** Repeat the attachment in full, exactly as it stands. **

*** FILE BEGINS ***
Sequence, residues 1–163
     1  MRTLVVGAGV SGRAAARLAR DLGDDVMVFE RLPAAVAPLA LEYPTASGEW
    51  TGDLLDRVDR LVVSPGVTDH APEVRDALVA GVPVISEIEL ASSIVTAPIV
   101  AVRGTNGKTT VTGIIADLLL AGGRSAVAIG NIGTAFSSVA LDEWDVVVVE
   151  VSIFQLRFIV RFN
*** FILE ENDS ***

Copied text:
Sequence, residues 1–163
     1  MRTLVVGAGV SGRAAARLAR DLGDDVMVFE RLPAAVAPLA LEYPTASGEW
    51  TGDLLDRVDR LVVSPGVTDH APEVRDALVA GVPVISEIEL ASSIVTAPIV
   101  AVRGTNGKTT VTGIIADLLL AGGRSAVAIG NIGTAFSSVA LDEWDVVVVE
   151  VSIFQLRFIV RFN